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Re: [Fwd: Kremen VS Arin Antitrust Lawsuit - Anyone have feedback?]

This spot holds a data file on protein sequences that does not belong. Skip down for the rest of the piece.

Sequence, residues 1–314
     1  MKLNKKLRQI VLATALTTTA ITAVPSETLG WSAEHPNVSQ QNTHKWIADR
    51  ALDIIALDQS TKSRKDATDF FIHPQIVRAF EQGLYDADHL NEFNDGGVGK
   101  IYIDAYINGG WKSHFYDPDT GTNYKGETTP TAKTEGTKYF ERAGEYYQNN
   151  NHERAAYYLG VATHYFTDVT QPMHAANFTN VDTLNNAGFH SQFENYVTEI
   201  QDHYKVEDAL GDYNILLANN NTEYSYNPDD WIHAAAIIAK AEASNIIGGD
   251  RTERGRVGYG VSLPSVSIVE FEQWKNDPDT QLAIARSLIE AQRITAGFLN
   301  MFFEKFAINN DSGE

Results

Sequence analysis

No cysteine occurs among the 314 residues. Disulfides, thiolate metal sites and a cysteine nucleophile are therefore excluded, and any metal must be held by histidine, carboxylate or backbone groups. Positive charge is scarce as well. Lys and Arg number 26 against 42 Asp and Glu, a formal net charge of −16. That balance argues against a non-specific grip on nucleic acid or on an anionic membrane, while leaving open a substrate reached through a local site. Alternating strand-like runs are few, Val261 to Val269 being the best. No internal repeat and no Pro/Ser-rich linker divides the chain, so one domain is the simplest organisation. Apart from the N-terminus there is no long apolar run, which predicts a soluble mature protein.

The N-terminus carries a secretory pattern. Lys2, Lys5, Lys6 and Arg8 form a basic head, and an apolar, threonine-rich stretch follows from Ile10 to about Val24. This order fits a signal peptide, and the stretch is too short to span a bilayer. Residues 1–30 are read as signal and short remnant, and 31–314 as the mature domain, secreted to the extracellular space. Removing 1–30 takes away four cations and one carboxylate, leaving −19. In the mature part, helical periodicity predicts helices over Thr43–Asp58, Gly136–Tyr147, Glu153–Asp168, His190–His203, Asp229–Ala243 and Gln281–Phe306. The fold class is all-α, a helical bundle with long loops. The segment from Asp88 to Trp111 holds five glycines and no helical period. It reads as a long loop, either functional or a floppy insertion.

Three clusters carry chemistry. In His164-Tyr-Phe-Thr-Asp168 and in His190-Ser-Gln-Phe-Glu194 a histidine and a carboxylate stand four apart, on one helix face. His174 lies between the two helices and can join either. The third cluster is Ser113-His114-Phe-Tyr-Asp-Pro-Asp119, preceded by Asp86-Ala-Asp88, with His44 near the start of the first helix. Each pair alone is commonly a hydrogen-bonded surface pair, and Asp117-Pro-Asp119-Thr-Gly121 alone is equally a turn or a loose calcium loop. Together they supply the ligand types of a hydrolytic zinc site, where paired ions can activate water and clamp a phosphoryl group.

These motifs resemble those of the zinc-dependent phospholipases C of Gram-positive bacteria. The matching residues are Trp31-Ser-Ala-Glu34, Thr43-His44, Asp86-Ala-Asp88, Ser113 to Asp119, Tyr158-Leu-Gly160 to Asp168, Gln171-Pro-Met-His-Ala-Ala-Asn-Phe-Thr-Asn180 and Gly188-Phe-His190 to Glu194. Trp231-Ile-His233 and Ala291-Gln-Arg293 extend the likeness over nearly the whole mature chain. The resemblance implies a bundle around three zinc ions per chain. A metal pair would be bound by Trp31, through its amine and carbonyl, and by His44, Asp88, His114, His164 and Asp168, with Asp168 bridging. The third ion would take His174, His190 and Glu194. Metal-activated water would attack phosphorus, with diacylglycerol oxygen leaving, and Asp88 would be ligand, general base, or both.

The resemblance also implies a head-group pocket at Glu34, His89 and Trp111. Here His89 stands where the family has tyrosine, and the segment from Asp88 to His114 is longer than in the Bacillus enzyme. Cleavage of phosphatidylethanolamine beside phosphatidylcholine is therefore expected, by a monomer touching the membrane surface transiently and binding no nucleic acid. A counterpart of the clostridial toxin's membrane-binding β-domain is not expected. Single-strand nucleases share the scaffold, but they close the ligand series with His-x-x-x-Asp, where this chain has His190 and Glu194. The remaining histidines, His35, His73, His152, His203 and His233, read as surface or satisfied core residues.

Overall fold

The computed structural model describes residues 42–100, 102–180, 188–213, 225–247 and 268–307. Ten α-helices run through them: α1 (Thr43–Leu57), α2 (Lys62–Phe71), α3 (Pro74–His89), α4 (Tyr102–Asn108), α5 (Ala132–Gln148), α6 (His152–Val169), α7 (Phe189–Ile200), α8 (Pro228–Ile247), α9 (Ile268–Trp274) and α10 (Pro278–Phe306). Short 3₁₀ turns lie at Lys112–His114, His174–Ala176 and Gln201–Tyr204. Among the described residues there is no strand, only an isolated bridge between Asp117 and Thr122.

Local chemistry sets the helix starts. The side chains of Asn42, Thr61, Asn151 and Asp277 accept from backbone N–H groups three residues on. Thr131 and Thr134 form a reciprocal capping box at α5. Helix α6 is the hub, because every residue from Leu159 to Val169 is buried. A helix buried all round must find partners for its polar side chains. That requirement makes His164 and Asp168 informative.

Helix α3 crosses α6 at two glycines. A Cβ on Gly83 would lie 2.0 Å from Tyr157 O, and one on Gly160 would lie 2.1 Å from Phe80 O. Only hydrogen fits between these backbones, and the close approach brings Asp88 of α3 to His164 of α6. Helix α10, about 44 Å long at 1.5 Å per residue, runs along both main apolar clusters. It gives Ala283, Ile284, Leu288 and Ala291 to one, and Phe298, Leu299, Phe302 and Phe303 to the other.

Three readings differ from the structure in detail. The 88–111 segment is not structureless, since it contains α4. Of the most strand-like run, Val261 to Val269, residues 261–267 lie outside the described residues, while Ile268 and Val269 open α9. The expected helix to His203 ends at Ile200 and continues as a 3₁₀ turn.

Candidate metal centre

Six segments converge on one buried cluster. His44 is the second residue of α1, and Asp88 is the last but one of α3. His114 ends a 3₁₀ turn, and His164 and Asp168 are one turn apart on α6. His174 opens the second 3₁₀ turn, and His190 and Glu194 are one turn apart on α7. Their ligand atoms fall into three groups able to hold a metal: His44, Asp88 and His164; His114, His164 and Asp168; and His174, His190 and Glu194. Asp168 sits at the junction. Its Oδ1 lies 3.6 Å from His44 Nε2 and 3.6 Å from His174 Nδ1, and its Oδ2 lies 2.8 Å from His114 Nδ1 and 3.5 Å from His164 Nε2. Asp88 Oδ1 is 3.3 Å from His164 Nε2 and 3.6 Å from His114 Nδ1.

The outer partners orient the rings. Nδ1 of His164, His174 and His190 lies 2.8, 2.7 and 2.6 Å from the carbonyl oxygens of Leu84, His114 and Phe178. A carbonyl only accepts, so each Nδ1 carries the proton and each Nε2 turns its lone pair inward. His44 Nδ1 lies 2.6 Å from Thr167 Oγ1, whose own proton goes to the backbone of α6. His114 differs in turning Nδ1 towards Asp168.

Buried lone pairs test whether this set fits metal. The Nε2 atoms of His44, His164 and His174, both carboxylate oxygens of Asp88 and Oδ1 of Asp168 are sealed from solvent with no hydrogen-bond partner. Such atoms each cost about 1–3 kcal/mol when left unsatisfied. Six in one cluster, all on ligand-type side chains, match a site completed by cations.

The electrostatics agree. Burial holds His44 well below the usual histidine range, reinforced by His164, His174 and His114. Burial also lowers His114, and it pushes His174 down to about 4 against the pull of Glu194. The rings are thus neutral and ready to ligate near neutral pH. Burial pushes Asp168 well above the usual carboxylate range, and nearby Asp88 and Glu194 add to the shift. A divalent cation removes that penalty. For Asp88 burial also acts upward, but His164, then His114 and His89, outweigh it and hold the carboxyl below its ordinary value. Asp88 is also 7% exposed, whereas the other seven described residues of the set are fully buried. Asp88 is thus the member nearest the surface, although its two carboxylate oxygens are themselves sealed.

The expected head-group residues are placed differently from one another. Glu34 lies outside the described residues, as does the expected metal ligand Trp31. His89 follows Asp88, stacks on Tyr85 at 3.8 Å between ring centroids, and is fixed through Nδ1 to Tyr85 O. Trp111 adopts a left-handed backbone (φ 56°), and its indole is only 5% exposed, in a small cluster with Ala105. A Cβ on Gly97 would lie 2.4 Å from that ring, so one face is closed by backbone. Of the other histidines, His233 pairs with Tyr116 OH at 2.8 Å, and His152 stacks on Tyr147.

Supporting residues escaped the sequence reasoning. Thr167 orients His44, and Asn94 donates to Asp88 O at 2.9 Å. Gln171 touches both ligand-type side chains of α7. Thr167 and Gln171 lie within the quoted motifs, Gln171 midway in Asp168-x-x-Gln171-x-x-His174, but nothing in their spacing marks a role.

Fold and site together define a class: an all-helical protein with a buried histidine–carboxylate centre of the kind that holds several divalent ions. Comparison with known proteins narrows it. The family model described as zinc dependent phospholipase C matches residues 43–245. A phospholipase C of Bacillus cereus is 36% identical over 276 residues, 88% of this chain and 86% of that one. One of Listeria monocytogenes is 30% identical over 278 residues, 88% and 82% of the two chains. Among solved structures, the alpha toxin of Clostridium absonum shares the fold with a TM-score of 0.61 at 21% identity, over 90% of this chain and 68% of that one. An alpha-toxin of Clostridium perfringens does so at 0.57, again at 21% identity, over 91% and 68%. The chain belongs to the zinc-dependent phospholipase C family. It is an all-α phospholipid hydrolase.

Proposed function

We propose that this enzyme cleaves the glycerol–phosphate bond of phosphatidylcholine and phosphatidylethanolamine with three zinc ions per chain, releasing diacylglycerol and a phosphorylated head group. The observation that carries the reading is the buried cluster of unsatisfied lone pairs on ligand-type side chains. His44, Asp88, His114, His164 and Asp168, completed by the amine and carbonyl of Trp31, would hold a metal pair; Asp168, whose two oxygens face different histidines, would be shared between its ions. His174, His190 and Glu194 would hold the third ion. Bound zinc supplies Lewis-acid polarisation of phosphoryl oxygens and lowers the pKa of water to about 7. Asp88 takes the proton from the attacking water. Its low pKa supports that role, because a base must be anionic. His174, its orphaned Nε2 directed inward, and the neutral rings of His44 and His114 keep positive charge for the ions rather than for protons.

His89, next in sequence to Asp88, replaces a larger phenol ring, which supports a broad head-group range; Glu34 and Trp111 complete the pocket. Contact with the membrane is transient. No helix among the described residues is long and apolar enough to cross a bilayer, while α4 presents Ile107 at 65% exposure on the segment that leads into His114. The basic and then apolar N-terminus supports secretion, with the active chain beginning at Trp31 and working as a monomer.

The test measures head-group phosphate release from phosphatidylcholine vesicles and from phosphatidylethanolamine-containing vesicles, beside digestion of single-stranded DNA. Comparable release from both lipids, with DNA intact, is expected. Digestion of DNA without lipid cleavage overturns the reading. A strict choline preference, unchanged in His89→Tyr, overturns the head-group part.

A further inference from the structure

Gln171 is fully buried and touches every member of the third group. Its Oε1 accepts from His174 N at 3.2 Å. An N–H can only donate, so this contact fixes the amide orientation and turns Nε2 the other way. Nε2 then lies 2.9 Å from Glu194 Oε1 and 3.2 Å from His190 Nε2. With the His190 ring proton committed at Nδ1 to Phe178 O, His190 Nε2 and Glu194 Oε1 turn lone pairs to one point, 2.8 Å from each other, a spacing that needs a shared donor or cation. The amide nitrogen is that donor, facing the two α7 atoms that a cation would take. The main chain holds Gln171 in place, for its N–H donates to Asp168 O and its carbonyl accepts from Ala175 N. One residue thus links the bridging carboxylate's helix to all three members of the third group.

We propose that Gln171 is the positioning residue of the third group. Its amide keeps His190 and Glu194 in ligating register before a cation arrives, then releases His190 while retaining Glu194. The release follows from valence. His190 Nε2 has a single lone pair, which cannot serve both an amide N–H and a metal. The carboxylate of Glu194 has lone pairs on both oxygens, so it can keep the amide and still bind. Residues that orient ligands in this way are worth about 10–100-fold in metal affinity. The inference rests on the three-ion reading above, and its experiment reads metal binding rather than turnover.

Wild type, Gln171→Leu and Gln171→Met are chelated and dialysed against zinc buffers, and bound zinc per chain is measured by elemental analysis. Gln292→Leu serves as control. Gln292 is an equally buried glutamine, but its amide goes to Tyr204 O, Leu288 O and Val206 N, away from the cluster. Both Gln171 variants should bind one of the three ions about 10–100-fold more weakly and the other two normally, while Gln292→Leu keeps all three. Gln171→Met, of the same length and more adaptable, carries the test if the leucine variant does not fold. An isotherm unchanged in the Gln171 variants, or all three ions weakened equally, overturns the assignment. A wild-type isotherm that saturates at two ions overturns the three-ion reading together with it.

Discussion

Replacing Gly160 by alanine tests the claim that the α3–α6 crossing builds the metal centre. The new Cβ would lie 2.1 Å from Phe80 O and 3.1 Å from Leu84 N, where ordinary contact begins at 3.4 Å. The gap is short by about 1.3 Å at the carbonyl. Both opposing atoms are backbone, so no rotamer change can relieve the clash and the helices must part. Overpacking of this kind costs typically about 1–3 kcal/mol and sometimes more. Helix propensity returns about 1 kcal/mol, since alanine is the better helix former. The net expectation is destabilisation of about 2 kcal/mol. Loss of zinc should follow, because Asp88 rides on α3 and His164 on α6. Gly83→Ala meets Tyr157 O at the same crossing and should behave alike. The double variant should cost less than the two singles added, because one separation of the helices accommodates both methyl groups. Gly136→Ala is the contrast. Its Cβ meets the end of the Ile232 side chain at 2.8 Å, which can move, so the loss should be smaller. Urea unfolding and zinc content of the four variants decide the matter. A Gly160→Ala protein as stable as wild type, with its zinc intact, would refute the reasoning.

On Wed, 13 Sep 2006 17:53:04 +0200 Stephane Bortzmeyer <email@example.com> wrote: > On Wed, Sep 13, 2006 at 11:43:36AM -0400, > D'Arcy J.M. Cain <firstname.lastname@example.org> wrote > a message of 20 lines which said: > > > No one knows me by my IP address. They know me by my email > > address(es). Huh? Are you trying to imply something? If your email software automatically adds that statement then please fix it. It's insulting when you trim the message to a shorter statement that you are responding to. The other 18 lines may not have been important to this particular response but they were not content free. > It does not seem true. IP addresses are visible outside in: > > * DNS servers when you get a zone delegation (the most important > reason why changing IP addresses is a pain), I reiterate, no one knows me by my IP address. The software (DNS) they use may and some people may need to make a change but the world in general does not need to know that. That's the whole point of DNS. My point is that my friends and aquaintences may remember my number or have it in their Rolodex but no one has to remember my IP address and very few ever have to even deal with it at all and those that do, only for a moment. OK, my real point is that phone numbers are not like IP addresses. You may find a dark corner that exhibits some similarity but the basic analogy is flawed. > * some peer-to-peer networks like Freenet, which do not use the DNS. I don't know enough about Freenet but I am willing to bet that users don't need to remember IP addresses to get the benefits of it. > (There are also a lof of internal uses of IP addresses for instance in > firewalls and SSH caches.) I never said that IP addresses were never used anywhere. That would be ridiculous. They are entered into firewalls, routers, DNS servers and such. What I said was that users (remember them) don't have to memorize or track them. > So, you actually have: > > 1) Phone numbers (very visible outside) > 2) IP addresses (visible outside) > 3) MAC addresses (completely invisible outside except for a few > minutes in the ARP caches) Even number 3 does not leak out of the local area. However, I fail to see what conclusion you wish me to draw from this. I don't know anyone with any modicum of understanding of IP protocols that would dispute these statements other than my nit about number 3. -- D'Arcy J.M. Cain <email@example.com> | Democracy is three wolves http://www.druid.net/darcy/ | and a sheep voting on +1 416 425 1212 (DoD#0082) (eNTP) | what's for dinner.